The Defense Advanced Research Projects Agency (DARPA) is well known for pushing the boundaries of science and technology in search of ways to give the U.S. military an edge—robotic pack animals, self-navigating vehicles and plant-based jet fuel, to name a few. Less well known is the agency's Cold War-era investigation into how paranormal phenomena like extrasensory perception might be used by the U.S. to get a leg up on the former Soviet Union and, perhaps more importantly, by the USSR against the United States.
Working with Washington, D.C., think tank RAND Corporation, DARPA determined that paranormal research by the Soviets focused on physical science, engineering and quantifiable results, whereas their U.S. counterparts tended to be psychologists looking instead to explore the human mind. The bottom line, according to a 1973 DARPA-commissioned study entitled "Paranormal Phenomena": "the U.S. has failed to significantly advance our understanding of paranormal phenomena."
As Halloween approaches, the report serves as a reminder of our fascination with paranormal forces (for more on this, visit Sciam.com's "Science of the Occult" in-depth report). The authors were worried that the Soviets might win the race to use the supernatural to its advantage much as they had threatened to win the space race decades earlier when they launched Sputnik. "If paranormal phenomena exist," RAND analysts P. T. Van Dyke and Mario L. Juncosa concluded, "the thrust of Soviet research appears more likely to lead to explanation, control and application than [does] U.S. research."
The authors acknowledge that the study was limited, because it was based on but a sampling of works available at the time. Among them: a decade of abstracts from the parapsychology section of Psychological Abstracts, a print version of the PsycINFO abstract database of psychological literature. They knew even less about Soviet efforts, they admitted, noting that their conclusions on that front were based on a "somewhat impressionistic" sample and "some not always reliable and frequently imprecise reports of Western visitors to the Soviet Union."
Soviet research on telepathy dates from the early 1920s when a program was established at the Institute for Brain Research at Leningrad State University. The Soviets appear to have been fascinated with telepathy, which they called "biological communication," as a ship-to-shore way of communicating with submarines without using electronic equipment. They also considered training their cosmonauts to develop and use precognitive abilities to "foresee and to avoid accidents in space."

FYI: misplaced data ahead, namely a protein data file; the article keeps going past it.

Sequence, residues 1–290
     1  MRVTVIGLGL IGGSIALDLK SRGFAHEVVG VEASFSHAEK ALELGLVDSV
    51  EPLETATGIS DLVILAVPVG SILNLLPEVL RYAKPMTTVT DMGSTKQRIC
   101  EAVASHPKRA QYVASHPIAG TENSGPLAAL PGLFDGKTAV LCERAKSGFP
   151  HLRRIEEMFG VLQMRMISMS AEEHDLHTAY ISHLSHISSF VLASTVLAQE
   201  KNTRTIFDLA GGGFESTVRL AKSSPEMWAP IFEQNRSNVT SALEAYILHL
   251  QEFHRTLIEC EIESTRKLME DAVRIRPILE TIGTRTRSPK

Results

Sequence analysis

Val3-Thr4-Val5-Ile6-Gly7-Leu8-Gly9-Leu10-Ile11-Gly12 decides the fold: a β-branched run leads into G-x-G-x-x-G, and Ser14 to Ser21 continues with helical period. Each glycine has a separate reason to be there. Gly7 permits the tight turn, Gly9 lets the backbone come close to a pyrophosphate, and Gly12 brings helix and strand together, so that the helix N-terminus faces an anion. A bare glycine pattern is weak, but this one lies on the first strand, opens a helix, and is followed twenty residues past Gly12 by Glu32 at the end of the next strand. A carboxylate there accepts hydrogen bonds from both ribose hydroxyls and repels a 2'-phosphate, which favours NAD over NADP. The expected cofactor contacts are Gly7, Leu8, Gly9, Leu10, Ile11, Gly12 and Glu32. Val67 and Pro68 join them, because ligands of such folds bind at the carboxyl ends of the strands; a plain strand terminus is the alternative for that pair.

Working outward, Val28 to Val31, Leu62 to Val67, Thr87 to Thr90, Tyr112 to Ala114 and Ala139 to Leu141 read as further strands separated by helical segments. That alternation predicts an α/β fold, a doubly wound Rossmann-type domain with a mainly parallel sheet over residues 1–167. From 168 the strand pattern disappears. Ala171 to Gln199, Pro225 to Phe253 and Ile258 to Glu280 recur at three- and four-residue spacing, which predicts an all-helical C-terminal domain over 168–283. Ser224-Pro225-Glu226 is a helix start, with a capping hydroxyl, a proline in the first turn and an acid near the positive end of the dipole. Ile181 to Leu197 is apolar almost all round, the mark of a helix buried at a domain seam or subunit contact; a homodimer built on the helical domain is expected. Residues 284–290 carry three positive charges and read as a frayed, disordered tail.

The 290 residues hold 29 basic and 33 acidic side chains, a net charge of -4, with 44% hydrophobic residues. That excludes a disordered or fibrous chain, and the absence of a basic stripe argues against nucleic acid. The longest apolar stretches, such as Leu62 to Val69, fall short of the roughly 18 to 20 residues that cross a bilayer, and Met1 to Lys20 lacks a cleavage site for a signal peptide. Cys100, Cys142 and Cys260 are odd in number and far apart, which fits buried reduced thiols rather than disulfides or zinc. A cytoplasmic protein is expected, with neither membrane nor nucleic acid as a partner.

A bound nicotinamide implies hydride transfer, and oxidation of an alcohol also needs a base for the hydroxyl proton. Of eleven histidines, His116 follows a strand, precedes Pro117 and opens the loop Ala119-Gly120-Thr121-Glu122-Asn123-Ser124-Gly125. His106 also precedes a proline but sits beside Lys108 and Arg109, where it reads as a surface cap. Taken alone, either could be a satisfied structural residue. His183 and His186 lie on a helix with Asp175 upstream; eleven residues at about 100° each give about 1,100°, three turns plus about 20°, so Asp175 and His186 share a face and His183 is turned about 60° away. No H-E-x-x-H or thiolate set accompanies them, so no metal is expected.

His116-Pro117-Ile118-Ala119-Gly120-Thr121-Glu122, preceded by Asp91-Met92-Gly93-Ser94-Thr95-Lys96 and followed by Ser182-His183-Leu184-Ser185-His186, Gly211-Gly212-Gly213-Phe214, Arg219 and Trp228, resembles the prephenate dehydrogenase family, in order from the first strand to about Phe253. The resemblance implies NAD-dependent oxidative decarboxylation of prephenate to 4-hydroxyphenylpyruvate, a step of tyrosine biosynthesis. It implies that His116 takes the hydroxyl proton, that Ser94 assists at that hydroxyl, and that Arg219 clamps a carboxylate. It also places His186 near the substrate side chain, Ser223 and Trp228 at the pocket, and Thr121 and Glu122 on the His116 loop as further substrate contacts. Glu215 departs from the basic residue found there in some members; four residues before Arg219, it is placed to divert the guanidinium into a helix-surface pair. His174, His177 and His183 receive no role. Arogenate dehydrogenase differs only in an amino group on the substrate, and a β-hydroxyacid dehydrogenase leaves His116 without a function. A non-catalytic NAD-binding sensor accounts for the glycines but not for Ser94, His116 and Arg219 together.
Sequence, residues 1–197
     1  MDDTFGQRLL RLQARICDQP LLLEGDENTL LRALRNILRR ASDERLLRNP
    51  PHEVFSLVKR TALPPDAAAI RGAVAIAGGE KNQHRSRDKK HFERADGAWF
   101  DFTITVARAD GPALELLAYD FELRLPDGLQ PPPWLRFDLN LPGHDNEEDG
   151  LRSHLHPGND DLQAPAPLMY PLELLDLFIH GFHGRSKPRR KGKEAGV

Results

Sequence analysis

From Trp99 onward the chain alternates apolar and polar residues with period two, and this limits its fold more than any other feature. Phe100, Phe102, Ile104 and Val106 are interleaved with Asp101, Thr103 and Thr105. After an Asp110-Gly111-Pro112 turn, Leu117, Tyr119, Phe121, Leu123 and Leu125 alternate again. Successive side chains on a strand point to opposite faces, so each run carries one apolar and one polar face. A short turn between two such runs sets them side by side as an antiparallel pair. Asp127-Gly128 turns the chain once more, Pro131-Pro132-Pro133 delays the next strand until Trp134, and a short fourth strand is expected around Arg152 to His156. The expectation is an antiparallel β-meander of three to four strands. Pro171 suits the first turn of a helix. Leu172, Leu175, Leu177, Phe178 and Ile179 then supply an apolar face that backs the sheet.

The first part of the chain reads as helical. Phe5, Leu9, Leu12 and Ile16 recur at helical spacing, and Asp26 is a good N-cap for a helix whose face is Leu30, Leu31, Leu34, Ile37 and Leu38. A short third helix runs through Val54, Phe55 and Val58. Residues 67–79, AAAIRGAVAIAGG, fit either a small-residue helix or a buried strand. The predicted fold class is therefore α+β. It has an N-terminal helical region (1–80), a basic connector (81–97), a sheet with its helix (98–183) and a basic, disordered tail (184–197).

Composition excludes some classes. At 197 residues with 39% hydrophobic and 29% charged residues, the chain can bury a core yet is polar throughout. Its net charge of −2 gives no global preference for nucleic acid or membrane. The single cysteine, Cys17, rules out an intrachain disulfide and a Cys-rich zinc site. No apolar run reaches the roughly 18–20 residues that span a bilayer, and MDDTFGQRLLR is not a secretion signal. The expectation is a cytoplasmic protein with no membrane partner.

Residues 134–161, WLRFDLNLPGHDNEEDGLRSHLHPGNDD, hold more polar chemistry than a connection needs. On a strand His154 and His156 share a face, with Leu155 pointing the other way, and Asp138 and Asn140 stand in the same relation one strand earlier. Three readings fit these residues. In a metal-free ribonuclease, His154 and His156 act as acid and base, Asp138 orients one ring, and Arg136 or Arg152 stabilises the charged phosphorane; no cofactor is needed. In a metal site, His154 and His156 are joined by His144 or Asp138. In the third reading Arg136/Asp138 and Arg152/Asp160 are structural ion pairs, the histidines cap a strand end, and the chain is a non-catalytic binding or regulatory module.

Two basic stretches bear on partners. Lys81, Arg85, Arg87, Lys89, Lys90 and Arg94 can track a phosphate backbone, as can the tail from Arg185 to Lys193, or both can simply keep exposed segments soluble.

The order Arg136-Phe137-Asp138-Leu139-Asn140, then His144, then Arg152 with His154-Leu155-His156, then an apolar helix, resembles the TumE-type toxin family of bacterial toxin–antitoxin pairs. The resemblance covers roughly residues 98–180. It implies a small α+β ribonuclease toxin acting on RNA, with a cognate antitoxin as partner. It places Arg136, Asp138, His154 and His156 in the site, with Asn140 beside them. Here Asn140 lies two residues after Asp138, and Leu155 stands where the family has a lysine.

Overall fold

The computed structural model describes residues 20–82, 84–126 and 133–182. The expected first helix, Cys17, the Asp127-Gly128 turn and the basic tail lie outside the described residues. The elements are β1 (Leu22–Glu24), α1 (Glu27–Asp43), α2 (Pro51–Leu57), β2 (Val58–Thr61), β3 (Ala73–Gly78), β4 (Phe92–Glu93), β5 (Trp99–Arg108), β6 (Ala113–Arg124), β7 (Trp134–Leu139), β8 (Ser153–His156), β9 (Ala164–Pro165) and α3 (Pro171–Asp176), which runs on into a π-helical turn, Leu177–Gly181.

It seems the Soviets also were quite taken with the possibility of psychokinesis (using mental imagery to move objects) as a way of "disrupting the electrical systems associated with an ICBM's [intercontinental ballistic missile] guidance program."
The Soviets were more inclined than American scientists to believe that paranormal phenomena might be the result of "bioenergetics," or the energy given off by the metabolic processes of living things. This theory stated that people exuded "bioplasma," (a theoretical energy field) that, under certain conditions, was capable of emitting charged coherent radiation beyond the body surface in the form of electrons and possibly protons.
Although the Soviets did not reach a consensus on the existence of bioplasma, RAND concluded, "the very pursuit of this theory indicates that Soviet parapsychologists were attempting to explain alleged paranormal phenomena with a greater degree of specificity than their Western counterparts."
(Images courtesy of iStockphoto; Copyright: Duncan Walker and RAND Corp.)